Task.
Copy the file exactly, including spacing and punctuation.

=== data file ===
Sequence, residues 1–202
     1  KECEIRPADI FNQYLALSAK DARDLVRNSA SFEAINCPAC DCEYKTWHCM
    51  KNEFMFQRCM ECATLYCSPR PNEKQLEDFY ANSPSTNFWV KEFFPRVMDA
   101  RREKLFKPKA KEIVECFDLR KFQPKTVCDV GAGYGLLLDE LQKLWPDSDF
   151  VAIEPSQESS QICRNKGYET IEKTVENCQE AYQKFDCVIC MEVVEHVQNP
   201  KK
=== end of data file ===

Sequence, residues 1–202
     1  KECEIRPADI FNQYLALSAK DARDLVRNSA SFEAINCPAC DCEYKTWHCM
    51  KNEFMFQRCM ECATLYCSPR PNEKQLEDFY ANSPSTNFWV KEFFPRVMDA
   101  RREKLFKPKA KEIVECFDLR KFQPKTVCDV GAGYGLLLDE LQKLWPDSDF
   151  VAIEPSQESS QICRNKGYET IEKTVENCQE AYQKFDCVIC MEVVEHVQNP
   201  KK